Connecting Regions of Asia.

Indian National Congress : Ignoring the East ?

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Despite the present convulsions among its leaders, there is as yet  no  visible  end to the travails of the Indian National Congress(INC), post 2014.  There are  major reasons for the INC’s  inner turmoil.  In the short term there is the problem of the Gandhis clinging on to party leadership, which now threatens to split the century-old organisation.  In the longer term,   the   continuing decline of the INC is  the price  it is paying  for following  opportunistic policies  since the days of Mrs Indira Gandhi.   The INC is  yet to discard its fondness for   working out unprincipled  accommodations with regional parties.  This is especially true for   the Eastern states of Bengal and Assam . For the moment, the imminent threat to the Gandhis’ throne  has been staved off  by the promise of inner party elections and more functional autonomy at lower levels. But  the dissenters are not in a relenting mood.
At her  last meeting  with some   opposition leaders,  Mrs Sonia Gandhi   made it a point to let Bengal  Chief Minister   Mamata Banerjee  take charge for a while. Ms Banerjee, somewhat isolated in the national political arena these days,   is a  confirmed  sucker for such vacuous symbolism . Reacting as  expected ,  she   took the bit between her teeth and  called for an immediate anti BJP agitation in the context of coming round of  elections.   Clearly,such an agitation now  should  help the Gandhis retain their  power within the INC for the time being ,as the focus will shift to the larger country-wide  fight against the BJP.   She won  some support from the Shiv Sena , whose leaders may or may not be aware of the subtle games that go on between the INC and the Trinamool Congress(TMC).
 According to   TMC sources ,  there was a background to these developments. Apparently the INC top brass was keen to conclude  an understanding with the TMC in Bengal prior to the 2021  Bengal  Assembly elections . The parties, it has been suggested from Delhi, should   fight the polls on the basis of  a seat adjustment. The  state  Congress will leave the lion’s share of the 294 seats for the TMC to contest.  In return,  for the  LS polls in 2024, the TMC would return the favour and leave a generous number of seats for the INC to fight, to help its nation-wide fight against the BJP.  ‘This is  old wine in a new bottle,’ admits a TMC leader ,describing the move as a  re-run  of the late  Indira Gandhi’s similar arrangements  with major Tamil parties in Tamil Nadu in the past. In Assam, the INC now finds nothing wrong in forging an alliance with its earlier bête noire, the All India United  Democratic Front (AIUDF) led by Mr Badruddin Ajmal, MP.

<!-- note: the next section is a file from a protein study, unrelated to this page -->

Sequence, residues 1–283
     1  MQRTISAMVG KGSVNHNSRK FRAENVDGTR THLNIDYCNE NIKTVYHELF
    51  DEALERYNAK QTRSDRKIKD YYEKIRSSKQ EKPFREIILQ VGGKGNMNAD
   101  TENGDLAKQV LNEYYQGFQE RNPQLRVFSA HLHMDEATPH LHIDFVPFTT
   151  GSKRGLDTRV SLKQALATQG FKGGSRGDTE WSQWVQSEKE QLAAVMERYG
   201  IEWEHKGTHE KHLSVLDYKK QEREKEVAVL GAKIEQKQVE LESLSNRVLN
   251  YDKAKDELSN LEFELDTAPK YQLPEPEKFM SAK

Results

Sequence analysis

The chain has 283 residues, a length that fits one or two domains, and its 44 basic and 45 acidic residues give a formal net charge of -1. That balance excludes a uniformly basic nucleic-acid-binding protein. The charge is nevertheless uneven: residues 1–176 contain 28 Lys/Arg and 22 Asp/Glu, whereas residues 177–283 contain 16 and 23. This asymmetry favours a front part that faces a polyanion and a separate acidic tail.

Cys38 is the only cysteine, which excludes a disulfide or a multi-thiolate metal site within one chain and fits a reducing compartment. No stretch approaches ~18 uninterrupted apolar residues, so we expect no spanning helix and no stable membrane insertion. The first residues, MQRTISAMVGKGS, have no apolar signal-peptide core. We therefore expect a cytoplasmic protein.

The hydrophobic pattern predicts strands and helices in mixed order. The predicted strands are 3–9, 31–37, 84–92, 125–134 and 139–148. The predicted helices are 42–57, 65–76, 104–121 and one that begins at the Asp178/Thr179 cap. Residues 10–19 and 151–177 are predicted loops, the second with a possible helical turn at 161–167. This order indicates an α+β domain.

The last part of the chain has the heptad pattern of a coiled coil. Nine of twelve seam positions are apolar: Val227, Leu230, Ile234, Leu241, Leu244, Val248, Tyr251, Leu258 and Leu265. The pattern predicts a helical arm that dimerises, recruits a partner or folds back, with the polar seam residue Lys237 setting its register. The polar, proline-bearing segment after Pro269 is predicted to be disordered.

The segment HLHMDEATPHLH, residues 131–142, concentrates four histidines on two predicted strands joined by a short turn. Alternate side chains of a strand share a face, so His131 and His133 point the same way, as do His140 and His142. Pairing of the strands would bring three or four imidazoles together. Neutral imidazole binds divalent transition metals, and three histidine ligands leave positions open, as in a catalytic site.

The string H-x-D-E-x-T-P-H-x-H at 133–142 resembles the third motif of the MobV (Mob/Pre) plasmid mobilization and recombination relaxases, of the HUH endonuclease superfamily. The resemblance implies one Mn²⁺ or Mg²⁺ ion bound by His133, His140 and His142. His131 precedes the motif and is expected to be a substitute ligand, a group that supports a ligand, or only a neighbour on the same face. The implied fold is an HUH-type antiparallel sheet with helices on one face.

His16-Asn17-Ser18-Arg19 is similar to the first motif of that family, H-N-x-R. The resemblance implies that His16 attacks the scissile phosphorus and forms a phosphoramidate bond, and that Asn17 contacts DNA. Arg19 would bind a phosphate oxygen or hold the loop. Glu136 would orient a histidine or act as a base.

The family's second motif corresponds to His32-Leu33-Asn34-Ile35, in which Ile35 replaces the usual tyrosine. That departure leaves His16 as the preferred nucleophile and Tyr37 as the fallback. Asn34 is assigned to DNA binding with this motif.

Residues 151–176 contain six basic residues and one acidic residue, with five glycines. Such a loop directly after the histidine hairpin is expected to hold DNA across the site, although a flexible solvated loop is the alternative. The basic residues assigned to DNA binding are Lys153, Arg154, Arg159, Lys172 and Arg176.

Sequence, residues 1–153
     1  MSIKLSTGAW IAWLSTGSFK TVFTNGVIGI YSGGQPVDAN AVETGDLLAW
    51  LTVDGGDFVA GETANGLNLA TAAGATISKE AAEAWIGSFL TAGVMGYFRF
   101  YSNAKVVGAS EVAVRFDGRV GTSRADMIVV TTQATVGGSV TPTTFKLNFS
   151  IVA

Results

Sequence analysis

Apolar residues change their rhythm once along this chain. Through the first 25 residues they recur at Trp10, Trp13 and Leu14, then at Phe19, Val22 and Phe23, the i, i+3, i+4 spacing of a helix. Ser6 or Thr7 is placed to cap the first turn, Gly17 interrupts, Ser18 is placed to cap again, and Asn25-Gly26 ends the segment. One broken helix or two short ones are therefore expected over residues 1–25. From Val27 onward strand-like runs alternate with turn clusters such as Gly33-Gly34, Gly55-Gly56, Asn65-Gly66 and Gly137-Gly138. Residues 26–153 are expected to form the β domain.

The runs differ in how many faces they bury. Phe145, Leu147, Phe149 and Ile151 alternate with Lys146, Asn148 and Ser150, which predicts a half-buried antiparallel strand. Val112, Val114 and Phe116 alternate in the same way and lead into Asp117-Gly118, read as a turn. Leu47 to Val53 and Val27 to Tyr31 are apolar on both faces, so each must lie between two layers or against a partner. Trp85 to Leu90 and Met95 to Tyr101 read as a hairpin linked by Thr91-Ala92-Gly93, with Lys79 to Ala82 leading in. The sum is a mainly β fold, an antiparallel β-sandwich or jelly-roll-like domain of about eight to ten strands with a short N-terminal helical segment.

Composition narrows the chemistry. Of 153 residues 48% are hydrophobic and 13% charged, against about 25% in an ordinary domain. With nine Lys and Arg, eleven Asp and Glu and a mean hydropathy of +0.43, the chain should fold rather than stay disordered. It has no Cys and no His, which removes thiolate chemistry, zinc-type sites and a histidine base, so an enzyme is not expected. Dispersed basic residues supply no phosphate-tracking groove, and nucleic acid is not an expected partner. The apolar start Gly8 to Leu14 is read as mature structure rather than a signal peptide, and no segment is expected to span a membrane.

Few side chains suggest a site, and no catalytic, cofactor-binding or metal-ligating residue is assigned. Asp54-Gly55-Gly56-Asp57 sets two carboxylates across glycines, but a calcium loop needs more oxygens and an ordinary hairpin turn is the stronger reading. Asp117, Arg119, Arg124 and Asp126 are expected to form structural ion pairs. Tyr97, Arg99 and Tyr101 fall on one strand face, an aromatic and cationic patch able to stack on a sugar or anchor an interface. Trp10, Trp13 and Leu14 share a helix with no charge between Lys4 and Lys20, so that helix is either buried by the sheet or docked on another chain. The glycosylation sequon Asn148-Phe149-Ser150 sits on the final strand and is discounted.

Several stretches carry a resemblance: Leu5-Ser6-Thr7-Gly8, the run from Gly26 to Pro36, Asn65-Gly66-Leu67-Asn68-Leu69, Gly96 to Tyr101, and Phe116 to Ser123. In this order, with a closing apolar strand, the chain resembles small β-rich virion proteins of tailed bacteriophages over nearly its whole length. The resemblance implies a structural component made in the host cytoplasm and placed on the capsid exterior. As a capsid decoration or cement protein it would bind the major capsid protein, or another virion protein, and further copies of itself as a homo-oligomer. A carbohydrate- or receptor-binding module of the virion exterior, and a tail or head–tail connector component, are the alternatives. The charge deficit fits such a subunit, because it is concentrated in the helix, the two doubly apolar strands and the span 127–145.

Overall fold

Such reports  do  not  enthuse  the Bengal  wing  of the INC. Since 2011, the state Congress had been  brutally bludgeoned into submission by  the ruling TMC as it crushed all opposition parties ruthlessly, using   either its money power  or force (read the police).  Senior Congress leaders   including  ex Ministers and MLAs   joined the TMC , lamenting the aimlessness within their old party.    Those who refused to defect  were as usually  brutally beaten up, or arrested by the police when they tried to  protest.
The central INC leadership was aware of this.  Both Mrs Sonia Gandhi and Mr. Rahul Gandhi  were  angry with the TMC’s  tactics, but could do little. Their own  prospects had not really improved by winning 44 seats in 2014 and 52 in 2019. The entire opposition was thoroughly demoralised by the BJP’S 2019 Lok Sabha polls  sweep.